I quickly moved my cart from the lane now stuck with credit card only purchasers to one of the cash only lanes. As others began to bring their carts in behind me, I wanted to make sure they knew what was going on.
The two ladies behind me — we’ll call them Lady 1 and Lady 2 — did not receive the news well. Lady 1 became quite indignant. “Well, they MUST take my charge card,” she insisted, despite the fact that I had just told her what the store staff was telling everyone else — the credit card readers were down throughout the store, and they could only complete transactions in cash. She pointed to the sign above the register with great enthusiasm — “It doesn’t say ‘cash only’ on the sign!” as if I was trying to mislead her.
Not believing me, she skipped ahead of me to ask the cashier herself, who promptly confirmed what I had just told her. Lady 1 could not believe the store would not take her “charge card” (is this term still used these days? I don’t hear it that often). Her frustration was palpable.
Lady 2 had a less expressive response — in fact, it hardly expressive at all. She seemed to struggle to comprehend what I was saying, as if I were speaking in a foreign language. “They aren’t taking credit cards?” she asked, looking puzzled, right after I had told both her and Lady 1 the store’s credit card system was down, and that cash was the only way to continue with your transaction.
I carry a reserve amount of cash on me, in a separate part of my wallet, for such situations. (A friend who passed away two years ago this week suggested I start doing that — thanks Jeff). I paid for my groceries, watching as my fellow shoppers continued to crowd the check out lines while they vocalized their frustration. I quickly left, not wanting to stay cooped up with a lot of upset shoppers.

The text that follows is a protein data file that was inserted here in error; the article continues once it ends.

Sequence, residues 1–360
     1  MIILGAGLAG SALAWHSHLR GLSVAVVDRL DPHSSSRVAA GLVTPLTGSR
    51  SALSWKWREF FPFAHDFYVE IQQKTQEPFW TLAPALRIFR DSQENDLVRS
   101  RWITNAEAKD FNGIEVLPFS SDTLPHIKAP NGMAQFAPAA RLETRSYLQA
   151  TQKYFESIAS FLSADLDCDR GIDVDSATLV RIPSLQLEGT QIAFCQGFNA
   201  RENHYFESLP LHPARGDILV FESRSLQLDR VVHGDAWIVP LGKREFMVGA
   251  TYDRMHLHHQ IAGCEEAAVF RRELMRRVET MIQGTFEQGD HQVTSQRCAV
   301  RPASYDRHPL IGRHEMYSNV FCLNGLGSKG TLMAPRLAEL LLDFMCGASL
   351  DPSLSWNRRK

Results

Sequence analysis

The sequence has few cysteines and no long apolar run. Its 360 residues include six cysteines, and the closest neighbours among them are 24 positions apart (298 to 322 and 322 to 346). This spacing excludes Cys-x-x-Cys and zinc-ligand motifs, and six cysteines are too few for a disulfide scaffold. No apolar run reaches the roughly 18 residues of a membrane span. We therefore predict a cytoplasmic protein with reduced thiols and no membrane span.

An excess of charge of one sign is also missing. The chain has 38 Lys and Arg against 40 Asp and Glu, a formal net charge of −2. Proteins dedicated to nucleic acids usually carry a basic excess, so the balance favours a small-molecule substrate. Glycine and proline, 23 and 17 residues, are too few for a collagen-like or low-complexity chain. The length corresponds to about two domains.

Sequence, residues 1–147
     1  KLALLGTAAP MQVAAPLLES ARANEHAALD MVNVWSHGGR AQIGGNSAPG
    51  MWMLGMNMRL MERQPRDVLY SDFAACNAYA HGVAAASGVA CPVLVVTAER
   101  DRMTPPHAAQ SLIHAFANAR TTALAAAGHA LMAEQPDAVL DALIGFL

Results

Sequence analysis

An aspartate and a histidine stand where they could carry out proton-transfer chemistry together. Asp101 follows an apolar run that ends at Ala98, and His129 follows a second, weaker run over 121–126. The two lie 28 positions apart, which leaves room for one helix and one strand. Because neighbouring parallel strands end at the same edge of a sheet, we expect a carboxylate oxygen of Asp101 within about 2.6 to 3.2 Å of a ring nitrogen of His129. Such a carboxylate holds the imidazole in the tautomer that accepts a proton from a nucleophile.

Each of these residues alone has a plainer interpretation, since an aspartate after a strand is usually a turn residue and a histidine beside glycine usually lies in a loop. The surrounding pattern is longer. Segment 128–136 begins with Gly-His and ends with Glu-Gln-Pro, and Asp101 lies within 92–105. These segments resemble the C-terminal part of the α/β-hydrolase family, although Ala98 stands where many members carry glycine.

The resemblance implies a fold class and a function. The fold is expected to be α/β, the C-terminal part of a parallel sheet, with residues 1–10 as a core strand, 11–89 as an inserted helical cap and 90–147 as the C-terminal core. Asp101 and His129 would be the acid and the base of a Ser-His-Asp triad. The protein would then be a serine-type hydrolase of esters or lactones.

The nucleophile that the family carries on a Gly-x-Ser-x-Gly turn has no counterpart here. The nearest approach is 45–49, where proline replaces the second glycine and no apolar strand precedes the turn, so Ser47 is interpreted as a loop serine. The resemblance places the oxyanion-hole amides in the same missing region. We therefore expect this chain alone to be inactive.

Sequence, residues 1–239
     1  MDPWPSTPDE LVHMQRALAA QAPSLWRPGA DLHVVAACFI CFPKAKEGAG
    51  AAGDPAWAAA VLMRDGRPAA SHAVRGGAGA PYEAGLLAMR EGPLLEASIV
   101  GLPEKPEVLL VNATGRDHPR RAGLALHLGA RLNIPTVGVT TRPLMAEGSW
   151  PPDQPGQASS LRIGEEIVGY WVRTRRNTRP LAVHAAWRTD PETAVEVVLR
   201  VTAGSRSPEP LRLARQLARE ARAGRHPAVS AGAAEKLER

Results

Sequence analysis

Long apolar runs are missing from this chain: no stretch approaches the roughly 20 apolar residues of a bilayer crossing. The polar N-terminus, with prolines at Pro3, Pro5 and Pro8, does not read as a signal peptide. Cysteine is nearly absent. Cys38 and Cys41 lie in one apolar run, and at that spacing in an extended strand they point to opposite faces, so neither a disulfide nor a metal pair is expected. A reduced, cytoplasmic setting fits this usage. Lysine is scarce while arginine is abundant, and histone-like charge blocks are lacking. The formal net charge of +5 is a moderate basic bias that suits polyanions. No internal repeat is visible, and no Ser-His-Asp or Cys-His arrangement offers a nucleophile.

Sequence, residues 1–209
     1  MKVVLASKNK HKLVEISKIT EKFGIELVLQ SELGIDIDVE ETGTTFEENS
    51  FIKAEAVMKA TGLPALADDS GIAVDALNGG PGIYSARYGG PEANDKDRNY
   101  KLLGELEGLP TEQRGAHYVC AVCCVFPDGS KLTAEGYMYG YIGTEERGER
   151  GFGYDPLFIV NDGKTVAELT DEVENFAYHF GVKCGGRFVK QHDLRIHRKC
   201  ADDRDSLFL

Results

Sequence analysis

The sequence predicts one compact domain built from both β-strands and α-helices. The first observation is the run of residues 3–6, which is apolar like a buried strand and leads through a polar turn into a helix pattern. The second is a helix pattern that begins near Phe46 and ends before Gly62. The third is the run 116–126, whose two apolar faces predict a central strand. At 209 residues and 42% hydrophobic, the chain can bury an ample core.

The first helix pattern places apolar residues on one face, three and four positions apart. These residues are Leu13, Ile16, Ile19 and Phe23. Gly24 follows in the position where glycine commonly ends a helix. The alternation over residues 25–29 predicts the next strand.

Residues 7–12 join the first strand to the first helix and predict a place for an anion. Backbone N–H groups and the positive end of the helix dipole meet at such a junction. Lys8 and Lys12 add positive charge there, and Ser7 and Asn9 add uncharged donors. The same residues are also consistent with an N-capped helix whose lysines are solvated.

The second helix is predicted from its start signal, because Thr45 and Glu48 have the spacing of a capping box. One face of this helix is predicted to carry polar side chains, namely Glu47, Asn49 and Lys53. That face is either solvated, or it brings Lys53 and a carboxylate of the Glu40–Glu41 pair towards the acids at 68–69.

As someone who regularly advocates preparedness for a wide spectrum of perils, it takes a lot to surprise me when it comes to the lack of resilience we have in America. Friday’s experience, however, was surprising even to me. In a week where the S&P 500 set record highs, Austinites became visibly upset when their grocery stores would not accept their credit cards for payment.
In the bigger scheme of things, this was clearly a first world inconvenience. The card readers eventually came back on line (I’ve been to that store twice in two days since the incident, and the card readers worked just fine.) This wasn’t anything which should have upset people.
But that’s not how people responded. I guesstimated that five percent of the shoppers had sufficient cash on them to purchase their items. The other 95 percent expressed various responses, ranging from C’est la vie to disbelief to downright anger.
This is what happened when there was no crisis coming to our community. There was no hurricane or shortage of food. There was no Bank Holiday of 1933 type of event. What would have happened if the credit card readers had stopped working when something was actually going wrong in our community?
September is National Preparedness Month, and one of the things I am stressing to anyone who will listen (besides getting themselves and families prepared for the possibility of a disaster) is to start carrying cash in the event there’s a larger scale problem with electronic transactions. Carry enough cash at all times to buy groceries and a tank full of gas to get you home.
This isn’t an extreme idea or evidence of a doomsday mentality. Some days, the credit card readers just don’t work for whatever reason. Be ready to take care of yourself and family should it happen at your local grocery store or gas station.